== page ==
But that’s overstating the situation by a lot. The library wasn’t a place where one-of-a-kind ancient manuscripts were stored, containing arcane knowledge that could have changed the course of history. It mostly contained copies of books that could be found in other libraries throughout the Mediterranean. Many of those libraries were also destroyed throughout history, but ancient books still survived. Then as now, those books that appealed to the most people were likely to be the most copied.

The biggest reason why some ancient works of literature were lost is simply that they were written on papyrus. Additionally, when the bound book (or codex) became the preferred method of storing literature in late antiquity, any works that didn’t make the cut to be transcribed into the new format were much likelier to be lost over the centuries.

4. Lie: The Greco-Persian Wars Were A Big Deal

Lie: The Greco-Persian Wars Were A Big Deal

To the Greeks, the Greco-Persian wars were some of the defining events of their times, especially for Athens. When Persia’s Darius the Great arrived in the Aegean in 492 BC with a massive army and plans to invade, it was only Athens and a few other city-states that opposed them. So when the Athenians dealt the Persians a surprise defeat at the Battle of Marathon in 490 BC, it established the Athenians’ self-image for generations. Marathon meant that the Greeks were strong and brave while the Persians were weak and soft. The enormous influence of Herodotus’s historical writing has only solidified this narrative over the millennia.

But to the Persians, the incident was a minor defeat on the edge of their massive empire. The Persian historical record barely mentions the loss at Marathon. It does hype Xerxes’s later victory at the Battle of Thermopylae and the subsequent punishments the Persians inflicted on the Greeks. Public relations isn’t a new concept.

5. Lie: Ancient Romans Routinely Binged And Purged At Feasts

Lie: Ancient Romans Routinely Binged And Purged At Feasts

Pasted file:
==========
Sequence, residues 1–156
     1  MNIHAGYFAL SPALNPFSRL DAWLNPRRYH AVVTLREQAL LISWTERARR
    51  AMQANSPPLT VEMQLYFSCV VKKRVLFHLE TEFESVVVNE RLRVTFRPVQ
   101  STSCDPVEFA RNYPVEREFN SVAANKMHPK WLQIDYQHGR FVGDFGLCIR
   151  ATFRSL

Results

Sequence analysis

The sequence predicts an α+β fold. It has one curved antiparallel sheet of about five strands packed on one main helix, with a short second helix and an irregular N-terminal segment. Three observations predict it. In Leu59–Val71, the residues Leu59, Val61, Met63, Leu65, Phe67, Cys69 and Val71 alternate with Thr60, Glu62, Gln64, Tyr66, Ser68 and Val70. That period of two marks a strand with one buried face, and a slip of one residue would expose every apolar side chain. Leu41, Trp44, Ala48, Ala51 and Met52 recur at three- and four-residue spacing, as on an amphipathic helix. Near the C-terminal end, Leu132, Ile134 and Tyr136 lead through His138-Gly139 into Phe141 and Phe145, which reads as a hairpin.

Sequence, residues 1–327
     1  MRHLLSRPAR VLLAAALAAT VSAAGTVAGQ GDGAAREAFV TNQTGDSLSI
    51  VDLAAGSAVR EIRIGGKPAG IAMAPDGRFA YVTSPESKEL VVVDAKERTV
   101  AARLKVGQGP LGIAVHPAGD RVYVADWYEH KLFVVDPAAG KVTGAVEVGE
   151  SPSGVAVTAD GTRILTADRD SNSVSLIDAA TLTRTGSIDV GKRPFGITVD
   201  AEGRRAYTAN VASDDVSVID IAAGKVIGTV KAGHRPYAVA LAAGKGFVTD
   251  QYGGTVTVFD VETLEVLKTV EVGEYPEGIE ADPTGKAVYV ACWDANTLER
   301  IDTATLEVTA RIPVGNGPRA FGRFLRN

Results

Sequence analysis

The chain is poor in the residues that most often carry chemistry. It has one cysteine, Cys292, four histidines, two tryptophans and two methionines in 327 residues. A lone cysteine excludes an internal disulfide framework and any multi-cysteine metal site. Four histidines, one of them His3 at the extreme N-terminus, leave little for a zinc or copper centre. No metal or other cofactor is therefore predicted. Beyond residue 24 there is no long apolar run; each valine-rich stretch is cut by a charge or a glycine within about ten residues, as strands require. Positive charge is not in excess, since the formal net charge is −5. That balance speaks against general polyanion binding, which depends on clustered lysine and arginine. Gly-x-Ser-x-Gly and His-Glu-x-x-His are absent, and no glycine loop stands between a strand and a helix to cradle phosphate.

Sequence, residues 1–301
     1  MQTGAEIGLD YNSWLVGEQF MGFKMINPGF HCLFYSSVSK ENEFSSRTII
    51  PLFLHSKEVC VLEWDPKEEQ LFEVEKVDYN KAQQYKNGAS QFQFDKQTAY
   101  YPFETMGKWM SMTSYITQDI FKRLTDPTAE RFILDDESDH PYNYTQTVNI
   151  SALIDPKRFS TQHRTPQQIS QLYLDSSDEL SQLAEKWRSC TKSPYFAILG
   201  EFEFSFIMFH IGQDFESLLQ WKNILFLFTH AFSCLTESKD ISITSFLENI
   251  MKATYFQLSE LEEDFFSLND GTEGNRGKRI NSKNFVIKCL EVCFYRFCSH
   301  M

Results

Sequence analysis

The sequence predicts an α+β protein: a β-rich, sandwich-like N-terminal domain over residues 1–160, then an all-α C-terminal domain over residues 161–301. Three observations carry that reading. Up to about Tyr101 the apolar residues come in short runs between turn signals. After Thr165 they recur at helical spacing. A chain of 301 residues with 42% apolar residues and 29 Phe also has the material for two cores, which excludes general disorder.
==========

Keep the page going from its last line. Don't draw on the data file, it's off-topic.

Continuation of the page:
There are many stories of decadence and excess among the Roman elites, and few of them can be trusted as 100% accurate. One popular misconception is that wealthy Roman citizens had special rooms in their homes just for vomiting. Romans would overindulge at meals, then retreat to the vomitorium to make more room. 

But this is a modern idea. The Romans did have a structure that’s now called the vomitoriumIt wasn’t a location where people vomited, but rather a passageway built under stadium seats that allowed large crowds to quickly exit. But the Romans themselves didn’t call them that. One Roman writer referred to it that way figuratively, and the nickname stuck. 

The idea of a special vomiting room probably originated in the late 19th or early 20th century from someone who misunderstood the word “vomitorium.” 

6. Lie: There Were Exactly Seven Wonders Of The Ancient World

Lie: There Were Exactly Seven Wonders Of The Ancient World

Today, the most widely known version of the “Seven Wonders of the World” includes these seven monuments: the pyramids at Giza, the Hanging Gardens of Babylon, the Colossus of Rhodes, the Temple of Artemis at Ephesus, the Mausoleum at Halicarnassus, the Lighthouse of Alexandria, and the golden statue of Zeus at Olympia. 

But ancient people wouldn’t have agreed with everything on that list. The first person known to have listed the seven greatest works of architecture of their time was Antipater of Sidon, who wrote a poem listing the seven wonders in the first or second century BC. Antipater’s version swapped out the Lighthouse of Alexandria for Babylon’s city walls. Other authors in the late-Roman and early medieval period had different lists that included other wonders, like Noah’s Ark, the Temple of Solomon, or Hadrian’s temple at Cyzicus. The Lighthouse of Alexandria only began showing up on lists in the fifth and sixth centuries AD, hundreds of years after people started listing wonders.